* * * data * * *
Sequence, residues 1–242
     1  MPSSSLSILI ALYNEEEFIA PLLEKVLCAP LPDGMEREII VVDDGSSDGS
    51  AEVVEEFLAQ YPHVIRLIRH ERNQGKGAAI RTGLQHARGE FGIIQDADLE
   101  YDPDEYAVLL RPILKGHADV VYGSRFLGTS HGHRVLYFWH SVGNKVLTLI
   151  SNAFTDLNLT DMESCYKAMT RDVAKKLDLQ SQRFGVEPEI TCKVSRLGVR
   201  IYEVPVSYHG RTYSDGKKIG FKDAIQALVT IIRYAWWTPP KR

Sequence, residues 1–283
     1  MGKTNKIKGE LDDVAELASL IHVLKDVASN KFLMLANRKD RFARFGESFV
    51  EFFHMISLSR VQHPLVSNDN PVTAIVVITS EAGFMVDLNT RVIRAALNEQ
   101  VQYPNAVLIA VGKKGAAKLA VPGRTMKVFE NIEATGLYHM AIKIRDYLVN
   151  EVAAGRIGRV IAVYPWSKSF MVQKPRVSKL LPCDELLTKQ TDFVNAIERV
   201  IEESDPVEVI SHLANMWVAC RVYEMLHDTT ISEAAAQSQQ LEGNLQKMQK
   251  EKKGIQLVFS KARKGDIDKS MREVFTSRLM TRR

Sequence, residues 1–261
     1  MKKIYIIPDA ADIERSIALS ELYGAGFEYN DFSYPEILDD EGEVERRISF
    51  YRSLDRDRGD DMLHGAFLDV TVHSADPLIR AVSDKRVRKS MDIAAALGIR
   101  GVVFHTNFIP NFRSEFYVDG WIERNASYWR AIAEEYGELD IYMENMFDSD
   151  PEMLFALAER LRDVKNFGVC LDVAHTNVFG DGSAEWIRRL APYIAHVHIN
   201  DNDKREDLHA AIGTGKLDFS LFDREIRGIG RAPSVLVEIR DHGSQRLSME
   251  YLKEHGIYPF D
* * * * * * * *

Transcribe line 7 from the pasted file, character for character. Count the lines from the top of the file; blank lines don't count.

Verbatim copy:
Sequence, residues 1–283